Rhythmic canons (6)

This post is a follow-up on the subject of rhythmic canons and the last post. Today I will talk specifically about Vuza canons, i.e. non-periodic canons.

I’ll start with an example. Let’s take the motive A=\{0,1,8,9,17,28\}. Can this be a motive for a rhythmic canon, i.e. does it tile \mathbb{Z}_n for some integer n ? As we have seen in the previous post, this is not an easy question, and until the recent work of Coven and Meyerowitz, there was no easy way to determine if tiling would possible or not. We recall here the two conditions of Coven and Meyerowitz, and their therorems.

Given the factorization A(X)=\Phi(X)M(X) of the polynomial corresponding to A, where \Phi(X) is a product of a cyclotomic polynomials, we define the set R_A to be the set of orders of the cyclotomic polynomials in \Phi, and the set S_A to be the subset of R_A consisting of prime powers. The two conditions (T1) and (T2) are as follows.

Condition (T1): A(1)=\prod_{p^k \in S_A}p

Condition (T2): If {p_1}^{k_1}, {p_2}^{k_2},\ldots are in S_A, then {p_1}^{k_1}{p_2}^{k_2}\ldots is in R_A.

The results of Coven and Meyerowitz are then as follows.

  • If A tiles, then (T1) is true.
  • If both (T1) and (T2) are true, then A paves
  • If A(1) has only two prime factors, and A paves, then condition (T2) is true.

With these results, it is easy to check that A=\{0,1,8,9,17,28\} indeed tiles \mathbb{Z}_{36}. Here is our motive in a graphical representation, 0 being on top, and the order being clockwise.

The entries are E=\{0,6,12,18,24,30\}, so we get the following tiling.

Now, you probably have noticed that the set of entries is periodic in \mathbb{Z}_{36}. The immediate general question we could ask would be: is it always the case ?

The answer is a definite no, but not an obvious one.The first n for which a non-periodic canon exists is n=72. In the mathematics/music community, canons which have no periodicity (either in the set of their entries, or in the set of the motive) are called Vuza canons, named after Dan Tudor Vuza, a romanian mathematician who spent almost 10 years between 1980 and 1990 working on rhythmic canons. Vuza published his work in a series of four papers in Perspectives of New Music, the references of given below.

  • D. T. Vuza, “Supplementary sets and regular complementary unending canons”, Perspectives of
    New Music. Part 1 : Vol. 29(2), 1991, p. 22-49. Part 2: Vol. 30(1), 1992, p. 184-207. Part 3: Vol. 30(2), 1992, p. 102-125. Part 4: Vol. 31(1), 1993, p. 270-305.

It was later found that Vuza had rediscovered by himself some known results of Hajos, Redeï, De Bruijn, etc. In particular, we have the following result, which characterizes the integers n for which no Vuza canon exist.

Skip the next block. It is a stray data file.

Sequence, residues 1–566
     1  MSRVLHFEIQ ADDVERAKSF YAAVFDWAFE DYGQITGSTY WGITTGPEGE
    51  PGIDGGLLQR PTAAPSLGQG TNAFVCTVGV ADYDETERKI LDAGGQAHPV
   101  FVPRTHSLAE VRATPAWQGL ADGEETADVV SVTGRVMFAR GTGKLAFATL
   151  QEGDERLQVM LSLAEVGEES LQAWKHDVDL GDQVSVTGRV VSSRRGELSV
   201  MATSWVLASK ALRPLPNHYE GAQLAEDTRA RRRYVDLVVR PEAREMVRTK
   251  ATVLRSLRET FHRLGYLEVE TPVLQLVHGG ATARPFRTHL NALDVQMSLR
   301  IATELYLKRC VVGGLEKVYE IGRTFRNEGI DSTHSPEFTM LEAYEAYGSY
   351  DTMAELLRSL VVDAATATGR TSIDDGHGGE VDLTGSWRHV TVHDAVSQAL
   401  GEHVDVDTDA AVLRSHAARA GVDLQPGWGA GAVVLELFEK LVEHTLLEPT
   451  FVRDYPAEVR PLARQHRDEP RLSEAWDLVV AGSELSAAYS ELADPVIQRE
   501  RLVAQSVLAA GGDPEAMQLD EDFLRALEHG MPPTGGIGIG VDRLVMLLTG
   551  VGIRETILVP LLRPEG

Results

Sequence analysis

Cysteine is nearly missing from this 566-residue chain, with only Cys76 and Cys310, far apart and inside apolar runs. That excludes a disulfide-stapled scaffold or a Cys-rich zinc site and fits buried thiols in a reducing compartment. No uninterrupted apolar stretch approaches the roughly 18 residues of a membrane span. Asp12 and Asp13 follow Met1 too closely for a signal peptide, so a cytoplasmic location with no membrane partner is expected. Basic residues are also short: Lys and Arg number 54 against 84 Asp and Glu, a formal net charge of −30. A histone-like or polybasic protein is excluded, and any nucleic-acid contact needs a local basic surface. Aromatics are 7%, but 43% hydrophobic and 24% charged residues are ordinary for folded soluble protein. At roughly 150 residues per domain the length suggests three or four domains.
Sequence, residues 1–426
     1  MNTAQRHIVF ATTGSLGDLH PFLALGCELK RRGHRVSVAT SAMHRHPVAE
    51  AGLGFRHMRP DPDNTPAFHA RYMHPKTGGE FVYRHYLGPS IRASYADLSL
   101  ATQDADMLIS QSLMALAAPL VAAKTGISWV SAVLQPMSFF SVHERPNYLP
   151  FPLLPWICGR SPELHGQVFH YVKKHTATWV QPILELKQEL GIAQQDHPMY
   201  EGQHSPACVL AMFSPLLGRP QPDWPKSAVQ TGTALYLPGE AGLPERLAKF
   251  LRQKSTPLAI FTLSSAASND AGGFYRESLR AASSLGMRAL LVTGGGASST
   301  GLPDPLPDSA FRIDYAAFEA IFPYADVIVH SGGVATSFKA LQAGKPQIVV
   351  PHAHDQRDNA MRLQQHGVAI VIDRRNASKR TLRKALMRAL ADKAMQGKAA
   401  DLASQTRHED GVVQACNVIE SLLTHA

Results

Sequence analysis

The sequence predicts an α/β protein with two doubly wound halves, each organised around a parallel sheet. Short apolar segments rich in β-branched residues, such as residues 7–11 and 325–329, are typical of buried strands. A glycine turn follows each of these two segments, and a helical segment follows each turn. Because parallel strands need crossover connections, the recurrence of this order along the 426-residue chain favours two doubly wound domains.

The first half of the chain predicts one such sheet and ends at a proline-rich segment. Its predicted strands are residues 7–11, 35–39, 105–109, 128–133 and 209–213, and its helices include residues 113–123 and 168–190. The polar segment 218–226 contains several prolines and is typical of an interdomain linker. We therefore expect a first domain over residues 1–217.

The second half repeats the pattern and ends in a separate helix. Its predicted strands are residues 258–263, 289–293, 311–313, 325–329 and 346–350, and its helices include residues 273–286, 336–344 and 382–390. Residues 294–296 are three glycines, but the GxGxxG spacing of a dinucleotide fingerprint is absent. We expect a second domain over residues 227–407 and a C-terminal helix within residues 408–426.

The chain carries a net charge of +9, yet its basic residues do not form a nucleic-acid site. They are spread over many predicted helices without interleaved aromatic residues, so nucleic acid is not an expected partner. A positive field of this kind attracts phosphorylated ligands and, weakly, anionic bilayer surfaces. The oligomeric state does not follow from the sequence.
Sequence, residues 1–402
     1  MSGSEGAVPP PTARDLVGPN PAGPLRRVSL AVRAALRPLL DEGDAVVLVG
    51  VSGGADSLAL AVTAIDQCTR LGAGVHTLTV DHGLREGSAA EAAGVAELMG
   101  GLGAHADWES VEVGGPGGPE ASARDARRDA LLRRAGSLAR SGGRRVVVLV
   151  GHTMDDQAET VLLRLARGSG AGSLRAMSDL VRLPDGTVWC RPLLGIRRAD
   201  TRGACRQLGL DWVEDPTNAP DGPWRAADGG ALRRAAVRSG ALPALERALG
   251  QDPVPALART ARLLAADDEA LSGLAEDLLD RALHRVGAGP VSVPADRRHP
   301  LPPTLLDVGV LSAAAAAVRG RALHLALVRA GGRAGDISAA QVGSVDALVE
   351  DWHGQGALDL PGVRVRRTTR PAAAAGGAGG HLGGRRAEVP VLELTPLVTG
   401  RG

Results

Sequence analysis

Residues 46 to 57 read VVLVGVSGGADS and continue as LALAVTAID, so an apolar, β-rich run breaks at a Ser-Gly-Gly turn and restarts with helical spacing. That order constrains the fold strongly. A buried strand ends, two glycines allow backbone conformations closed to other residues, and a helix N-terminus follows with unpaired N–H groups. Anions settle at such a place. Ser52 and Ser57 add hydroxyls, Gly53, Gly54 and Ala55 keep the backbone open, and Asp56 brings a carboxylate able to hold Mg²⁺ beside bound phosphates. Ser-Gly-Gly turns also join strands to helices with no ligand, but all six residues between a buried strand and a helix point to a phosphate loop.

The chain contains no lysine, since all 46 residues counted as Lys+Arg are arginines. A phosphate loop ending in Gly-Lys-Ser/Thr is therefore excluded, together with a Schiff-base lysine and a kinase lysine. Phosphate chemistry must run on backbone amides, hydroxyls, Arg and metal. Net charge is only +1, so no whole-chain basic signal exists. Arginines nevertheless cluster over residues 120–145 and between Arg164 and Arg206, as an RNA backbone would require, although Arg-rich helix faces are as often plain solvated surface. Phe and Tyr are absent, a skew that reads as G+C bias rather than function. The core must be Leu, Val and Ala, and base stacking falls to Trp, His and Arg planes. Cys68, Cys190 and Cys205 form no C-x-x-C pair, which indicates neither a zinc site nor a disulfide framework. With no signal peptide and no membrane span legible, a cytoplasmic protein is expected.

Theorem: let p,q,r,s be distinct prime numbers. If an integer n is of the form n=p^\alpha, n=p^\alpha q, n=p^2q^2, n=p^2qr, or n=pqrs, then the canons which tile \mathbb{Z}_n are periodic (i.e. non-Vuza).

Hence, the first integers n for which Vuza canon may exist are 72, 108, 120, 144, 168, 180, 200, 216, 240, 252, 264, 270, 280, 288, 300, 312, 324, 336, 360, etc. From a musical point of view, Vuza canons are interesting since they introduce a certain degree of non-repetitiveness in a musical form which is repetitive by definition. Here is an example of a Vuza canon which tiles \mathbb{Z}_{72}. The motive is A=\{0, 1, 5, 6, 12, 25, 29, 36, 42, 48, 49, 53\}, which can be represented as follows.

And the entries are E=\{0, 8, 16, 18, 26, 34\} (non-periodic, as you can see), such that the final tiling can be represented as follows.

It so happens that someone has posted on Youtube a realization of a Vuza canon of length 72 (which might not be identical to the one above, I have not checked), so this saves me the work of doing it. Check it out below.

Emmanuel Amiot has remarked that if one has canon (not necessarily Vuza) with motive A and entries E, then one can form a new canon by repeating (concatenating) the motive, without changing the entries. For example, the motive A=\{0,1,3,7,9\}

paves \mathbb{Z}_{10} with entries E=\{0,5\}.

If one concatenate the motive once to get the new motive A'=\{0,1,3,7,9,10,11,13,17,19\}, then it paves \mathbb{Z}_{20} with the same entries.

Now, the results of Coven and Meyerowitz state that if a motive paves, then it has condition (T1) on one hand, and if conditions (T1) and (T2) are respected then a motive paves, on the other hand. The underlying conjecture here is whether the sole condition (T2) implies that a motive paves. Amiot has showed that if a motive A' is obtained by concatenation of a motive A, then one has condition (T2) if and only if the other one has condition (T2). By definition of a Vuza canon, we can deduce that any rhythmic canon can be recursively deconcatenated to either a Vuza canon, or the trivial canon (with motive A=\{0\} and entry E=\{0\}). Thus, if one wants to prove the implication (T2) \implies tiling, it is enough to prove it for the Vuza canons.